Monday, September 27, 2010

Watching the World-April 2007

Over the last decade, some 40 million Chinese farmers have lost their land because of rapid urbanization.—CHINA DAILY, CHINA.

Worldwide during 2005, there were 28 full-fledged wars and 11 other armed conflicts.—VITAL SIGNS 2006-2007, WORLDWATCH INSTITUTE.

A team from the Tokyo Institute of Technology has successfully flown a manned ultralight aircraft that weighed less than 125 pounds [55 kg] and was powered only by household batteries. The plane flew 1,283 feet [391 m] in 59 seconds.—MAINICHI DAILY NEWS, JAPAN.

Among Dutch Internet users aged 12 to 20 who visited certain so-called “profile sites” while using a webcam, “40 percent of the boys and 57 percent of the girls reported having been asked to take off clothes or perform some sexual act in front of the webcam.”—RUTGERS NISSO GROEP, NETHERLANDS.

Can Video Games Be Addictive?
“Brain reactions of people who play computer games excessively are similar to those of alcoholics or cannabis addicts.” So says psychologist Ralf Thalemann, leader of an addiction research group at Charité University Hospital, Berlin, Germany. It is thought that stimulation from excessive playing of computer games can cause an increased release of dopamine into a player’s brain, which produces a sensation of well-being that can eventually create an “addiction.” One survey suggested that this may occur in over 10 percent of those who play video games.

The Rich Are Often “Insecure and Troubled”
“Millionaires feel insecure and troubled,” states the Beijing newspaper China Daily. A survey was conducted among individuals from East China and South China who had an average wealth of 2.2 billion yuan ($275 million). The researchers, who studied rich people’s “attitudes toward faith, marriage, life, career and money,” found that “a majority of the millionaires love and hate money at the same time.” A number of respondents said that besides social status and a sense of accomplishment, “annoyance is the main thing money has brought them.”

Farms Healthy for the Mentally Ill
Over 100 experts from 14 countries recently met in Stavanger, Norway, to learn about Green Care, a concept that combines farming, teaching, and health care. According to the broadcasting company NRK, some who have been mentally ill for years no longer need to be institutionalized when they start doing farm work. It is “healthy for mind and body.” More than 600 traditional farms in Norway cooperate with Green Care, for which they receive extra income.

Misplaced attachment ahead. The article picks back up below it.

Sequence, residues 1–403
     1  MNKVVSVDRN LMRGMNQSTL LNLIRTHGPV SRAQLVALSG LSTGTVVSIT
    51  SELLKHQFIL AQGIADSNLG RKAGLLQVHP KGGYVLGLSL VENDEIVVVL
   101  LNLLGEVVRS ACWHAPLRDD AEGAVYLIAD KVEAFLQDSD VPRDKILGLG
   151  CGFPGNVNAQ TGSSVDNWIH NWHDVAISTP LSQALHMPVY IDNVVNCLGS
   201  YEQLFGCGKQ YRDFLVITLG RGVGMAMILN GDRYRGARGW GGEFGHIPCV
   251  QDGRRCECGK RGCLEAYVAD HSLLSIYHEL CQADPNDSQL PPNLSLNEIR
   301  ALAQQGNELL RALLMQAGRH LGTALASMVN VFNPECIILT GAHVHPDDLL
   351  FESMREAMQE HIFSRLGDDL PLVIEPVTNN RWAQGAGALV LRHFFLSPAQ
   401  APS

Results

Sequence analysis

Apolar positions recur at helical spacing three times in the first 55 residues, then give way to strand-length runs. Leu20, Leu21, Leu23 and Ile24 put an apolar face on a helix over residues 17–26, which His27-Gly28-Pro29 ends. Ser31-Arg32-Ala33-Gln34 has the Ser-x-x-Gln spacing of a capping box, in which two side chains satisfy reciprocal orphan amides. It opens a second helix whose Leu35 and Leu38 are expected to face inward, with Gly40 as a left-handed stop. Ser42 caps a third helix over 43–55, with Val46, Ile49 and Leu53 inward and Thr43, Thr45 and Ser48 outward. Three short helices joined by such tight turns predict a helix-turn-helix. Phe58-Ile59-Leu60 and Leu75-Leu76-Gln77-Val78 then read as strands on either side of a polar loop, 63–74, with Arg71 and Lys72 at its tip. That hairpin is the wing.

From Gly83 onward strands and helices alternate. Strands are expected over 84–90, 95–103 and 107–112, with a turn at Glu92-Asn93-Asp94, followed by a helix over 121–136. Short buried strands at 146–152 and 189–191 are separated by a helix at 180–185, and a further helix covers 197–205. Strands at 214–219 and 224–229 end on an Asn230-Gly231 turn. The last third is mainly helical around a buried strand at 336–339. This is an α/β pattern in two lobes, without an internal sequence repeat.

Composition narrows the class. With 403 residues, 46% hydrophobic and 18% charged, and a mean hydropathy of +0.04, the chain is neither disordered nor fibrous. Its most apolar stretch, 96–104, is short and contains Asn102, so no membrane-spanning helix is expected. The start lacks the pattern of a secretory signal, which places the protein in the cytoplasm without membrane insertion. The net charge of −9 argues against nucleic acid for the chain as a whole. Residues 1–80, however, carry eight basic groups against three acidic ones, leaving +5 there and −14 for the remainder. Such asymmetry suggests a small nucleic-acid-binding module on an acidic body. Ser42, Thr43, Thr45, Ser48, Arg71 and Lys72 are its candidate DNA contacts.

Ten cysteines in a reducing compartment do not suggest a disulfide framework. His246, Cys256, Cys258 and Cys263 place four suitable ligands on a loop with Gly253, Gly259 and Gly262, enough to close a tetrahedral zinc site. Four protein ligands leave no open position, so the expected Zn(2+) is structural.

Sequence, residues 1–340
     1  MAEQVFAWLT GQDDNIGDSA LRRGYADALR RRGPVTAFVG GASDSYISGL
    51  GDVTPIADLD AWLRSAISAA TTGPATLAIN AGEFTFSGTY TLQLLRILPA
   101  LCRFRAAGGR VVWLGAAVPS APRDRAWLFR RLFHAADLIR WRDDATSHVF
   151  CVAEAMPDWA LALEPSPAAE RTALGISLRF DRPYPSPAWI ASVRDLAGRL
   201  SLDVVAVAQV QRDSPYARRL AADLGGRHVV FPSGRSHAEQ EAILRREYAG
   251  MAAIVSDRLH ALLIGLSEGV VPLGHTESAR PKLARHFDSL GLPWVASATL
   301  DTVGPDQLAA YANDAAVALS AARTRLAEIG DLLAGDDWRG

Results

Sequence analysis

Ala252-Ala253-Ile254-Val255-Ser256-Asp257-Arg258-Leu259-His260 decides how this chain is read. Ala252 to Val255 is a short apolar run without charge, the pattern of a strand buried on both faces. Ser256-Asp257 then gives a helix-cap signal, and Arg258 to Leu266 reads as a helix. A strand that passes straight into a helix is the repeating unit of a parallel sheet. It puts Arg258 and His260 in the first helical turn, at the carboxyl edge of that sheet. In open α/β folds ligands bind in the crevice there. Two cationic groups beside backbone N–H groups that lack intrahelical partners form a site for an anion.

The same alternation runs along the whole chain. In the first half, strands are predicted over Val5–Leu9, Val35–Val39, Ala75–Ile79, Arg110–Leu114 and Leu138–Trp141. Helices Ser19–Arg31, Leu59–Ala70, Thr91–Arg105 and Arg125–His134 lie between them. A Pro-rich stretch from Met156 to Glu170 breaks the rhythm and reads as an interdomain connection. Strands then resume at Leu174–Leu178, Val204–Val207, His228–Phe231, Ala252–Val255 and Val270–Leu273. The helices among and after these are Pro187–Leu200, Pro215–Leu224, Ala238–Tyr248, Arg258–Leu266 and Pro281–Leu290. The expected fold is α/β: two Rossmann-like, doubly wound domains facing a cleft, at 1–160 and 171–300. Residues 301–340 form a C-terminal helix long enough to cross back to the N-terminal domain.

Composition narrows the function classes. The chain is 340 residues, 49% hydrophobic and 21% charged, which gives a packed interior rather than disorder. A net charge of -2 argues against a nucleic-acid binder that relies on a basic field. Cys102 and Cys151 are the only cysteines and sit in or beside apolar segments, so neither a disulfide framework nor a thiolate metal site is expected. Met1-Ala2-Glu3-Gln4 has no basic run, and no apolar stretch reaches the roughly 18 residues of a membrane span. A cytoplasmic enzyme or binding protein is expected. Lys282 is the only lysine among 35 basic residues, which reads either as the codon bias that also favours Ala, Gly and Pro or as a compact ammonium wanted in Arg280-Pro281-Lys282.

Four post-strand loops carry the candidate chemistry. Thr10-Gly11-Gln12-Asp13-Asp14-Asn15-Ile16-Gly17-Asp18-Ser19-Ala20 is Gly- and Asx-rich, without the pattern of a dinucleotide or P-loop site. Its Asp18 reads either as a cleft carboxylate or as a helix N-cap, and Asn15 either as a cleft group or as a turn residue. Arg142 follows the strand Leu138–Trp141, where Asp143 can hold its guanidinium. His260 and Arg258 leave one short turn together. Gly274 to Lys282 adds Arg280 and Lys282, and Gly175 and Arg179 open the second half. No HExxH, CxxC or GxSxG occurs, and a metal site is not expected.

A Use for Church Steeples
“New England churches [in the United States] have found a solution to dwindling budgets: renting their picturesque steeples to wireless companies in need of cell sites,” says Newsweek magazine. Locations for towers that transmit and receive messages from cell phones are limited by zoning restrictions in residential areas, and residents do not want ugly antennas in their neighborhoods. So cell-phone providers are hiding their equipment inside church steeples. The president of one consulting firm for churches says: “The first church we did now has three carriers in it, and they’re getting $74,000 a year for space nobody [was] using anyway.”

Ghost, OUT!

2 comments:

Clara said...

Your last article makes me think that there are many churches out there that could benefit from this idea. Technology intertwined with the church seems so strange. I read recently where a church had a blessing for computers, cellphones, etc. after learning a fellow church in the UK had done the same thing.

Sandy said...

So nice to see you posting again. Been wondering how you are, your sister too.

The farms being good for mental health isn't new; but it sounds like something that should be brought back. Historically county, farms etc. is where sanitariums were built so people could get fresh air.

Sandy